This is not mere political theory but a reflection of American political practice, in the Revolution, Civil War, and the last century’s world wars. It mirrors as well the political practice of England, as class barriers were replaced by patriotism, enshrined in memory by Shakespeare’s Henry V in his Agincourt speech.

Crises may show human greatness. The greatest political crisis, the Civil War, with the abolition of slavery, resulted in the reconciliation of the Constitution with the intentions of the Declaration of Independence. Are our imaginations so poor that from this lesson we can’t draw other inferences from the underlying principle of human equality besides the need to abolish slavery? What of the return to self-government, government by consent, and therefore limited government as our first priority as equal citizens?

The inability to own slaves and therefore maintain plantations and the way of life they fostered represented a dramatic change in the entire national economy. Moreover, it signaled a legal change toward work, property ownership, and ultimate citizenship for freedmen. It spanned the distance between Lincoln’s first and second inaugural addresses and pointed the way ahead.

“You Work, I Eat”

Not only in times of political strife do Americans decry partisanship and praise unity. There is a constant refrain to, “Rise above politics, compromise and choose the common good, as reason and self-interest prefer.” Outside of crises, isn’t there the more subdued mood of ordinary life that shows Americans in possession of charitable hearts, Lincoln’s “better angels” of our nature? Americans demonstrate this all the time, in their generosity, their giving, their volunteering whenever there is an acute need.

The most practical way to the next step away from equality as merely anti-slavery in the historical sense is to ask, “What is the essence of slavery, whose abolition the war was ultimately fought to end?” And we note Lincoln’s answer: “You work, I eat.”

He also added,

This is essentially a people’s contest. On the side of the Union it is a struggle for maintaining in the world that form and substance of government whose leading object is to elevate the condition of men; to lift artificial weights from all shoulders; to clear the paths of laudable pursuit for all; to afford all an unfettered start and a fair chance in the race of life. Yielding to partial and temporary departures, from necessity, this is the leading object of the Government for whose existence we contend.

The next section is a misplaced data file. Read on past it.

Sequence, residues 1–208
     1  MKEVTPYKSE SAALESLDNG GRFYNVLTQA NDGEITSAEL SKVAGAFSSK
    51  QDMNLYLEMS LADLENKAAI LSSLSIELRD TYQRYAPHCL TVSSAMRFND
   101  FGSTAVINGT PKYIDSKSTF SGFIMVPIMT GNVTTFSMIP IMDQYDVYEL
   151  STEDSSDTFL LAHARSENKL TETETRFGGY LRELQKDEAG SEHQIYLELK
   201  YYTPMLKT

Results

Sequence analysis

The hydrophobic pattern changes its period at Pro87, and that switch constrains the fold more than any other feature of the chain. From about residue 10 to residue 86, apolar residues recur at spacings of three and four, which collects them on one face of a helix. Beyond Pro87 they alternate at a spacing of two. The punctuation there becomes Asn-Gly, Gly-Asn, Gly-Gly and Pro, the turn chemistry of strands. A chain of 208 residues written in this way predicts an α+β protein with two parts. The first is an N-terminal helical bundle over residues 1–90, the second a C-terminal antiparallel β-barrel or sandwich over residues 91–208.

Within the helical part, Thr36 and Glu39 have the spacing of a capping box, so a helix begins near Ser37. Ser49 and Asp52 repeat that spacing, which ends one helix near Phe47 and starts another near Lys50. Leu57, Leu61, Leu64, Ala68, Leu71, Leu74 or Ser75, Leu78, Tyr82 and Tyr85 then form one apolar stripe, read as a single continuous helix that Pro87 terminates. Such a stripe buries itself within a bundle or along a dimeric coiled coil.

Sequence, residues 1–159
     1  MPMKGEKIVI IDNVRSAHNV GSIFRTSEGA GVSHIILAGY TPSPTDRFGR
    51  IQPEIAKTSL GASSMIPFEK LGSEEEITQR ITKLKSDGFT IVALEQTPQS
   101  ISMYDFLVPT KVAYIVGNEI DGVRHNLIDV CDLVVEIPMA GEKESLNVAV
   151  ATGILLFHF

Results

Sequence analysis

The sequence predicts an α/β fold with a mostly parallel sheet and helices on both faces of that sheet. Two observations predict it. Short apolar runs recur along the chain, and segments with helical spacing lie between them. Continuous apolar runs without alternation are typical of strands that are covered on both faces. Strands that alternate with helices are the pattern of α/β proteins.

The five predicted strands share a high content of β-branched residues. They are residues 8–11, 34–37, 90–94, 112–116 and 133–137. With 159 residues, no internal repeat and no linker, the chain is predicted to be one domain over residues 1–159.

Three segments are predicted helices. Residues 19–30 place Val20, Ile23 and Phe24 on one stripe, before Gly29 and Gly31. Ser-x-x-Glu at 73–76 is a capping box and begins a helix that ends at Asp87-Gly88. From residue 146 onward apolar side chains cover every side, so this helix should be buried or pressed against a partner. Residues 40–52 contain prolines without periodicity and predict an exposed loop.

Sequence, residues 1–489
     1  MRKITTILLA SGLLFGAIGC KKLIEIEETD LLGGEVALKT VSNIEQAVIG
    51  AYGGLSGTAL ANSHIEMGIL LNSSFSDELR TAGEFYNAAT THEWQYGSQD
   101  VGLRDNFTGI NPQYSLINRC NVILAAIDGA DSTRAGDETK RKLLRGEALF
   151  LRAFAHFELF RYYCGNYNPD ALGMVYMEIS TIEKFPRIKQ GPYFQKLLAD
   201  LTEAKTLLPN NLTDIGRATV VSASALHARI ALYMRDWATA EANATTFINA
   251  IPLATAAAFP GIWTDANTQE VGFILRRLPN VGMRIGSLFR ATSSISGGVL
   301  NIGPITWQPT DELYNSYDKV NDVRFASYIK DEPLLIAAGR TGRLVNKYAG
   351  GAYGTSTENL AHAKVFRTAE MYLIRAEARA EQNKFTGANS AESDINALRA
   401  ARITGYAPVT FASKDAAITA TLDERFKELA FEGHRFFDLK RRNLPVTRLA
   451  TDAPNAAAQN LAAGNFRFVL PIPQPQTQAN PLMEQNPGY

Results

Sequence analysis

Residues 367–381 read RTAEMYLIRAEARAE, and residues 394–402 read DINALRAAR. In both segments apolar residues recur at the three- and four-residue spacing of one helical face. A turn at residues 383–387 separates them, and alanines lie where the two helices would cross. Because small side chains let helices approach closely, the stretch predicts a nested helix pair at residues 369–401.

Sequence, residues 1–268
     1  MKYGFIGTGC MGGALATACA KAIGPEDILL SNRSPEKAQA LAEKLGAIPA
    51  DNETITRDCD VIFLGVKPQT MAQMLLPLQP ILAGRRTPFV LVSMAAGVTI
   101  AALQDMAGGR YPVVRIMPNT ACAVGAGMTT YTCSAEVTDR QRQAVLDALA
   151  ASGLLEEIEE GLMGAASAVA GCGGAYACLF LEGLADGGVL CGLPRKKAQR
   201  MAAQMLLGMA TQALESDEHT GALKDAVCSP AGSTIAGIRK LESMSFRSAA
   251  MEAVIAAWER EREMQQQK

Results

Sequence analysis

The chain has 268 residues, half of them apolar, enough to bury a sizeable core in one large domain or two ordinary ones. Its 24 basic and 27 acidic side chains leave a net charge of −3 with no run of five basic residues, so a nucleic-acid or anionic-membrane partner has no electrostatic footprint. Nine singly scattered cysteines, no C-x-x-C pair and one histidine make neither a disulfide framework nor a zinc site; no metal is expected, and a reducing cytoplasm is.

I am most happy to believe that the plain people understand and appreciate this.

The “plain people” rejected both tyrannical and slavish attitudes in those around them. Freedom was not just their right, a license for what they want for themselves, but also a cheerful duty.

Supposedly tougher-minded philosophers, most prominently Karl Marx, dismissed such bourgeois banter. But they found that their dismissals of equality, the equality of natural rights, forced them to find substitutes for Plato and Aristotle’s praise of civic friendship: in Marx’s case socialized humanity, socialism. Lincoln’s “you work, I eat” definition of slavery reigns in Marx’s utopia.

Yet, many would make the abolition of slavery a harbinger for supposed equal rights for women, alleged alleviation of racial and immigrant discrimination, and much later, in our day, gay rights. Not only the Left views each of these cases as derivative of the correction of the inequality of slavery, thus further confusing our understanding of our history, institutions, and human nature.

Lincoln’s call for national unity based on recognition of national failure becomes the font of the new American consciousness. All the other alleged failures weigh down the American soul and demand continuous self-abasement.

These causes fired the Progressive Revolution that still governs us through the intellectual and institutional elites that opine and govern in its name—universities, bureaucrats, think tanks, and journalists. Freedom is not their main concern: coerced love is. That takes “you work, I eat” to an even higher level.

About Ken Masugi

Ken Masugi, Ph.D., is a senior fellow of the Claremont Institute. He has been a speechwriter for two cabinet members, as well as for Clarence Thomas when he was chairman of the Equal Employment Opportunity Commission. Masugi is co-author, editor, or co-editor of seven books on American politics. He has taught at the U.S. Air Force Academy, where he was Olin Distinguished Visiting Professor; James Madison College of Michigan State University; the Ashbrook Center of Ashland University; and Princeton University.